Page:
9.   Considering our troubled history with donors and funders such as the IMF and World Bank, most recently when Bingu Wa Mutharika was president, how do you see Malawi progressing from this relationship in view of the criticisms these organisations have received in the media across the world?

To be honest I feel we have already progressed from this relationship. The donors are in love with the donors.

Without a doubt we have to reduce our dependence on the donors as we all know it’s a vicious cycle. It is not in their interest for Malawi to be self-sufficient; as if we were they could not enforce their views and western cultures upon us.

10. We now know that Malawi has some precious minerals, including Uranium, possibly oil and other natural resources. How do you think the present government is doing regarding managing Malawi’s natural resources?

The people in charge in my opinion have done nothing with regards to managing our resources. This is evident in that Paladin got a great deal from the government for our uranium???

The guys in charge have to look at how Zambia is doing with it copper resources, Ghana with its oil and even other European Countries with their natural resources such as Norway to realise we have got it horribly wrong.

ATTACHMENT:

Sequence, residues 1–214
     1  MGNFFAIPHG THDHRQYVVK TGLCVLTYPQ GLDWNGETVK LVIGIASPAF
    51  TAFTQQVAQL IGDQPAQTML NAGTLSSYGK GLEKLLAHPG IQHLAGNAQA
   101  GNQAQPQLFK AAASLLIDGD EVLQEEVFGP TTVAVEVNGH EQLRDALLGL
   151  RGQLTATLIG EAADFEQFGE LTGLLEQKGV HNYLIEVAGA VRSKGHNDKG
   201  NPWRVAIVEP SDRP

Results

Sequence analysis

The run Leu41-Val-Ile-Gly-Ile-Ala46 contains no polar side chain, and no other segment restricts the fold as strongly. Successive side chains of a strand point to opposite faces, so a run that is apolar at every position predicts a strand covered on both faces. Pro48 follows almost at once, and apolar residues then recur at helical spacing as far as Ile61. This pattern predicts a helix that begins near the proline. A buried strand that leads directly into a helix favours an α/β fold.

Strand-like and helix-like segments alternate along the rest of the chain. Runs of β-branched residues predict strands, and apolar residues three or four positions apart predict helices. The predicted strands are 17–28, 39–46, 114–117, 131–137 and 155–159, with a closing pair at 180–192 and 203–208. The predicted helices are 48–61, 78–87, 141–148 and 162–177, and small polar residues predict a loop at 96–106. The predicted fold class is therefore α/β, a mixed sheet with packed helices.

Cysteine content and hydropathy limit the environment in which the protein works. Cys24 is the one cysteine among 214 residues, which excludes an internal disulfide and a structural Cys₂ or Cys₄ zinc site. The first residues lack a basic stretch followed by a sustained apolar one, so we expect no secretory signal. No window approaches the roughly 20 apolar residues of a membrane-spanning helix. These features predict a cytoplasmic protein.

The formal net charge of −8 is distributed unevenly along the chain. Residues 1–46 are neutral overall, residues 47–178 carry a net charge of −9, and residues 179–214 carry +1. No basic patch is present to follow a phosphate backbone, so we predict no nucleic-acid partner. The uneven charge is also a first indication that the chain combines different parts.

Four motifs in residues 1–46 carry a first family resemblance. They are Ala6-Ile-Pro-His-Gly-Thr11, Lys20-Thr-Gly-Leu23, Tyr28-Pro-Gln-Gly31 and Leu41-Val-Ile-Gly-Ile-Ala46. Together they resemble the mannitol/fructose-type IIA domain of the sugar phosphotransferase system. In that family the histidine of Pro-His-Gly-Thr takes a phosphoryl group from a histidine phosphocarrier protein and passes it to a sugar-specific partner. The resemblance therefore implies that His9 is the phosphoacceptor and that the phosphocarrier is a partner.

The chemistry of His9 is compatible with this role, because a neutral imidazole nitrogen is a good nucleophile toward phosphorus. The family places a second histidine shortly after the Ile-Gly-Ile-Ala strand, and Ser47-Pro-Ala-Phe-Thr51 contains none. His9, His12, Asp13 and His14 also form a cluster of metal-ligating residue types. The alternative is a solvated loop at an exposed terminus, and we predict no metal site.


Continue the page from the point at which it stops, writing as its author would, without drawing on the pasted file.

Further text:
11. In your view, can the government do better to manage natural resources? If so, how can it do better?

Yes. Government needs to follow Norway’s example. I have copied an article that I have read recently and feel this is EXACTLY what government needs to do with our resources, in order to manage it sustainably. This article below is copied from “http://www.theglobeandmail.com/report-on-business/economy/canada-competes/what-norway-did-with-its-oil-and-we-didnt/article11959362/

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“When oil was discovered in the Norwegian continental shelf in 1969, Norway was very aware of the finite nature of petroleum, and didn’t waste any time legislating policies to manage the new-found resource in a way that would give Norwegians long-term wealth, benefit their entire society and make them competitive beyond just a commodities exporter.
“Norway got the basics right quite early on,” says John Calvert, a political science professor at Simon Fraser University. “They understood what this was about and they put in place public policy that they have benefited so much from.”
This is in contrast to Canada’s free-market approach, he contends, where our government is discouraged from long-term public planning, in favour of allowing the market to determine the pace and scope of development.
“I would argue quite strongly that the Norwegians have done a much better job of managing their [petroleum] resource,” Prof. Calvert says.
While No. 15 on the World Economic Forum’s global competitiveness rankings, Norway is ranked third out of all countries on its macroeconomic environment (up from fourth last year), “driven by windfall oil revenues combined with prudent fiscal management,” according to the Forum.